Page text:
Incorrect decisions can cost over 60% of savings. Scams cost more. Are your staff safe?
  • Environment

    COP26 focused global attention. Does your pension align with your and your people’s views?
  • Retirement Adequacy

    Many staff can’t afford to retire, creating HR, succession and business risks. Can yours?

Employers and employees face financial pressures

Many employers were still dealing with the impact of the pandemic when their costs started to escalate. Energy costs have soared and inflation has reached a 40-year high. Wages have risen rapidly in some sectors and supply chain problems have pushed up prices for products and materials. And all this is against a backdrop of increasing regulatory costs.

Your people are also facing financial pressure from the cost of living crisis. Their bills are increasing too and living standards are falling as inflation outstrips wage increases.

Yet many companies and their employees are still paying too much for their DC pension schemes. Prices in the UK savings market are falling and services are improving. You may be getting poor value by paying for services you don’t need or that can be provided for free such as auto-enrolment management and financial wellbeing services and solutions.

In addition, member charges have been pressed down in recent years but it is up to you as an employer and your advisors to seek out the best value for your people. The savings are there if you ask.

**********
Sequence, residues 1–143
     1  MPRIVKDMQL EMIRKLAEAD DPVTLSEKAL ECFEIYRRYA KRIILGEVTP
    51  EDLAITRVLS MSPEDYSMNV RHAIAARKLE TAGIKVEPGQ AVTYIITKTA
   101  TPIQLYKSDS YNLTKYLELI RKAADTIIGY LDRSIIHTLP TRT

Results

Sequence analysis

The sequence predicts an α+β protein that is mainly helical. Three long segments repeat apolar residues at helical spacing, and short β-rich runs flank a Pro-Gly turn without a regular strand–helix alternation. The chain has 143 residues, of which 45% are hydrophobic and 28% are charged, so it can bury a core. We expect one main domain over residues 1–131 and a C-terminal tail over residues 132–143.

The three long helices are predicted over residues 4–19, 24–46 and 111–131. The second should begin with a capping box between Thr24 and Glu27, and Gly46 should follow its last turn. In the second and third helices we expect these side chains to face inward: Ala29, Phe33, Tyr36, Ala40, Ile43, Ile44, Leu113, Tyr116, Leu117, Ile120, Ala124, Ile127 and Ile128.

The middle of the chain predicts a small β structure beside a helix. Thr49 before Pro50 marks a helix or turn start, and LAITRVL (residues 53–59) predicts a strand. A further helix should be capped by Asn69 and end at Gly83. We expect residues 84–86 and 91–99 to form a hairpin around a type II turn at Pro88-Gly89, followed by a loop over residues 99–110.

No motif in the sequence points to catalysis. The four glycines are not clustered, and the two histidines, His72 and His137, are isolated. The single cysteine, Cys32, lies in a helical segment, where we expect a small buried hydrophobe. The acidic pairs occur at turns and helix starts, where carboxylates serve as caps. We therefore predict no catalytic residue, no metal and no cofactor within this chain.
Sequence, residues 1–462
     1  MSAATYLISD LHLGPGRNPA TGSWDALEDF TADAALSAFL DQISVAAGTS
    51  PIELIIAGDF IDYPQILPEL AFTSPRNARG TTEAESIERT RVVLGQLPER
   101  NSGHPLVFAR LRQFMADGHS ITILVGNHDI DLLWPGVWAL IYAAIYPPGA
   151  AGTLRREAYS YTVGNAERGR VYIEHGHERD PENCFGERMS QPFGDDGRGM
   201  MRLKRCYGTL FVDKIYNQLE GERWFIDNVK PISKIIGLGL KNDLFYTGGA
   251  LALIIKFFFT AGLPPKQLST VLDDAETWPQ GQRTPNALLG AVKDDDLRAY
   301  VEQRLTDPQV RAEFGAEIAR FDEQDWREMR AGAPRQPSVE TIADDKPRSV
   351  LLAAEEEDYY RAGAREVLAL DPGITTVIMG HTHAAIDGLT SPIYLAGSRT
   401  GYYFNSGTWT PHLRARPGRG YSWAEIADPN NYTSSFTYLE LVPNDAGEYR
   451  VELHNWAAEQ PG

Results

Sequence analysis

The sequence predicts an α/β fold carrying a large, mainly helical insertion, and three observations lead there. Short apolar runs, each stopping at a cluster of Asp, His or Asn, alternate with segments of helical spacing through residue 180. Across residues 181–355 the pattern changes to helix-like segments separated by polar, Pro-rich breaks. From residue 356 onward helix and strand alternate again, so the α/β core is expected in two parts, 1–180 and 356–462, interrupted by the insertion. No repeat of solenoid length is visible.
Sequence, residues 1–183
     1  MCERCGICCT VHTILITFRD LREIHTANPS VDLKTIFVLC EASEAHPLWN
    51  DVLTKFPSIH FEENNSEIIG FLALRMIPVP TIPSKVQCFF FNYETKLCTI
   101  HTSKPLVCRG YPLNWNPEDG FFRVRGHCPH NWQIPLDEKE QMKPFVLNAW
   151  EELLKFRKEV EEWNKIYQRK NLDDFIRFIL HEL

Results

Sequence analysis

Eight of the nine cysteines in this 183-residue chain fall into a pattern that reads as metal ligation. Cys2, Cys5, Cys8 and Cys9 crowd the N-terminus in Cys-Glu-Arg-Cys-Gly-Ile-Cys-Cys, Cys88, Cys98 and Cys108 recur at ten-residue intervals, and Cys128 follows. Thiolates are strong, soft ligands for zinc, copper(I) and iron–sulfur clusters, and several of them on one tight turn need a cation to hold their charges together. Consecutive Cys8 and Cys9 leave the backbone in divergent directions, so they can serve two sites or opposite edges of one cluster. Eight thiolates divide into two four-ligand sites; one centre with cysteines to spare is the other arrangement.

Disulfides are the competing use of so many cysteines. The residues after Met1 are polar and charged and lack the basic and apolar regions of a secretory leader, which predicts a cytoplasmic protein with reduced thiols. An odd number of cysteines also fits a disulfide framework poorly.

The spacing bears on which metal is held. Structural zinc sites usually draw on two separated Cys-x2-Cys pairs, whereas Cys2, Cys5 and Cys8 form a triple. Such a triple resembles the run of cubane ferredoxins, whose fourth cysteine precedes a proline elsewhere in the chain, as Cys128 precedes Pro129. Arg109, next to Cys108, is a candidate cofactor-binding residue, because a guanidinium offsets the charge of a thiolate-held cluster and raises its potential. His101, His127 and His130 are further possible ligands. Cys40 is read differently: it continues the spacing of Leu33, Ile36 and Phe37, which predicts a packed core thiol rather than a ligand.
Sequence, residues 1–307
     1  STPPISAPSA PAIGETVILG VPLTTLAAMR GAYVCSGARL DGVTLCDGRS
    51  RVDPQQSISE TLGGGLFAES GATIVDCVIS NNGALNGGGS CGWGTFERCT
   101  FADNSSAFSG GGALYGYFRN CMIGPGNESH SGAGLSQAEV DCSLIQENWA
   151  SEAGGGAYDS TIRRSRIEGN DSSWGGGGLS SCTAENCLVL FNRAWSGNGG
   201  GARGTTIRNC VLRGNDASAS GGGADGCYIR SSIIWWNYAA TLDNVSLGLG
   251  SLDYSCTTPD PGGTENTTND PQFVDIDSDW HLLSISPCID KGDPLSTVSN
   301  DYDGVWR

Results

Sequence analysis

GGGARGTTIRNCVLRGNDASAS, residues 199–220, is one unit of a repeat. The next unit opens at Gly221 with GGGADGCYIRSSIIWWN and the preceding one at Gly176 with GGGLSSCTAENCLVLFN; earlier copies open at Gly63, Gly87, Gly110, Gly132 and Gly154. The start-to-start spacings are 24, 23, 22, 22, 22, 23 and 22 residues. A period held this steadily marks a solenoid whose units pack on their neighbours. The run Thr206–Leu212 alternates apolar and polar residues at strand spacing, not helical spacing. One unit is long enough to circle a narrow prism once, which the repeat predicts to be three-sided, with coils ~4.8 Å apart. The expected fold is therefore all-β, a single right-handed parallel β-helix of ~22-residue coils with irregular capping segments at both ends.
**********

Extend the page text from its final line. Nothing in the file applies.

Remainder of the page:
All employee DC pension contributions are subject to national insurance contributions of 15.05% for employers — and up to 13.25% for employees. Under a salary exchange arrangement, these national insurance contribution costs can be removed — saving money for both the employer and employees. And this can also open up opportunities to benefit from state benefits (for example, child benefit) that staff may not otherwise be entitled to.

Your DC pension members may also be paying too much tax. For example, when tax relief is applied at source, higher rate taxpayers in a group pension scheme need to reclaim amounts above 20% in their tax return – but many do not do so. Yet careful planning can mitigate this.

Rules, reputation and DC pensions

The regulatory and pension governance workload and risks for DC pension schemes are increasing all the time — from the efficient handling of financial obligations to integration of policies linked to environmental, social and governance (ESG) priorities.

We are seeing an increasing number of auto-enrolment errors because processes have not kept up with the pace of change. For example, a change of payroll provider or a corporate merger can lead to mistakes in meeting legal requirements. Responsibility for staying on top of changes can also “fall between the cracks” of the employer and the DC pension provider.

In these situations a company is fined and has to repair its mistakes. This is costly and damages its reputation for pension governance with the public and employees. It is a prime example of how lack of care and attention can come back to hurt you.

ESG matters are near the top of most companies’ agendas and are increasingly important to employees. Yet many companies fail to consider the implications for their pension schemes alongside their corporate goals.